Wednesday, January 25, 2012

The Smart Swarm: how understanding flocks, schools, and colonies can make us better at communicating, decision making, and getting things done
by Peter Miller

While this book is briskly readable and thoroughly interesting, it suffers from the disease of hyperbole that afflicts many of the lengthily titled books referenced in its text. Books such as How Everything's Connected Because of YouTube and Why That's Going to Save Humanity Maybe Not as We Know It but Probably Better Because Ashton Kutcher Is Awesome Even if He Did Quit Tweeting, which I've made up, but you probably know what kind of book I'm lampooning.

The trap is that of the Enlightenment. We're figuring out all these new things, and it's looking as if we'll be able to solve every problem ever if we just apply this or that new paradigm in the right way. But no matter how much you fix stuff, people will find a way to fuck it up anyway — amiright?

All in all, though, it's nowhere near as bad as the connection-is-everything wisdom-of-the-crowd internet boosterism to which it irritatingly and persistently gives shout outs. The actual science bits, about analyzing swarm and colony behaviors, how they *sometimes* apply to human situations, are quite nice. The caveat, however, is delayed too long. Following the final chapter on the downside of swarms (for example, when they become mobs and crush people to death), the conclusion is very pragmatic and does a good job of couching the amazing discoveries in some much needed realism, but why is that only at the end?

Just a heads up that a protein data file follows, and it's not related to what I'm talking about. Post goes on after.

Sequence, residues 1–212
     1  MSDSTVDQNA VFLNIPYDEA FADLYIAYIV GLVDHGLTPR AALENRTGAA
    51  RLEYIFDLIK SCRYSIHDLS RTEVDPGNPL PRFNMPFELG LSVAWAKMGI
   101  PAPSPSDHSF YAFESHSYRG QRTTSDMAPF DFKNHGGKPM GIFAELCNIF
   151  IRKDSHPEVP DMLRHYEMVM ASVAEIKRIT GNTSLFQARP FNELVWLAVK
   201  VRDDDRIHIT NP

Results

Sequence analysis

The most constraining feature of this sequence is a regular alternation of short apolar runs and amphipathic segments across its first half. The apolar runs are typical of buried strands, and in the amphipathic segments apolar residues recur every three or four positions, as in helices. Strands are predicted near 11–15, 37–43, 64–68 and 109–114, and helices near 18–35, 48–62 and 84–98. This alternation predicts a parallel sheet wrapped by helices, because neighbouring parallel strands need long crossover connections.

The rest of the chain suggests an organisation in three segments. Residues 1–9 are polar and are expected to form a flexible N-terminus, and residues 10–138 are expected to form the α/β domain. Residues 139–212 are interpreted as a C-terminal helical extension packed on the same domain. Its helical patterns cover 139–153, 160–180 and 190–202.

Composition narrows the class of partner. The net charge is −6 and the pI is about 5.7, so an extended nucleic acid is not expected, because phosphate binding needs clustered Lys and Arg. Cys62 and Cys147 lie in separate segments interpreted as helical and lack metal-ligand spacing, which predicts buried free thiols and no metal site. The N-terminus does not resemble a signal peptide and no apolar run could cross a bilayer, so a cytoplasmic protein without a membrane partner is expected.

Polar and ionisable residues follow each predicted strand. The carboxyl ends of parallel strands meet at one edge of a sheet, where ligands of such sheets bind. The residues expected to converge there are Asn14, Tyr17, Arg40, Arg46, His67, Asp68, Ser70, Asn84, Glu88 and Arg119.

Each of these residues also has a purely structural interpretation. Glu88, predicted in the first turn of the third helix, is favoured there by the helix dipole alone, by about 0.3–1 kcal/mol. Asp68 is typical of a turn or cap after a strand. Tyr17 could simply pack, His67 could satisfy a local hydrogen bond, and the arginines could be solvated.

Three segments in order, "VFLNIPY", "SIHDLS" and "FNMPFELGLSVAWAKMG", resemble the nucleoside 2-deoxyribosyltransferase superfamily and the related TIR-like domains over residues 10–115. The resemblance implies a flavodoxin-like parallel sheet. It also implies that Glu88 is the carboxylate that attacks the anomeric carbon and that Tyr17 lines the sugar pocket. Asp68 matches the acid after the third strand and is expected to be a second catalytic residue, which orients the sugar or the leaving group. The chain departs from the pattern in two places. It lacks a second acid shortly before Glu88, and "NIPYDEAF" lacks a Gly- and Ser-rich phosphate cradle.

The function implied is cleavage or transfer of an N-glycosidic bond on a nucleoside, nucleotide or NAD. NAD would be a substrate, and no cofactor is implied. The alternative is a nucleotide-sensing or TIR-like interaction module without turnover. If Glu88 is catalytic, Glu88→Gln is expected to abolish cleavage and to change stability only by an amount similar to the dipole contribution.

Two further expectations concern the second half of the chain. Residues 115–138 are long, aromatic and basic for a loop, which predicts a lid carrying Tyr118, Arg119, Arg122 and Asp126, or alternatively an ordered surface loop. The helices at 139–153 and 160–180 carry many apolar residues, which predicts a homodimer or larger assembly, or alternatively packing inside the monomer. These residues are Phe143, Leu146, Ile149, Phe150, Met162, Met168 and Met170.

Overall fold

It's not all at the end; there are a few earlier hints that termites are not our multitudinous messiahs. My favorite hint is when he talks about the movie Minority Report (a book first, of course, which he fails to mention) and points out how those future cops make very effective use of swarm-y robots to find Tom Cruise but the knowledge they needed to make the "spyders" clearly hasn't led to the elimination of poverty or a generally positive transformation of society.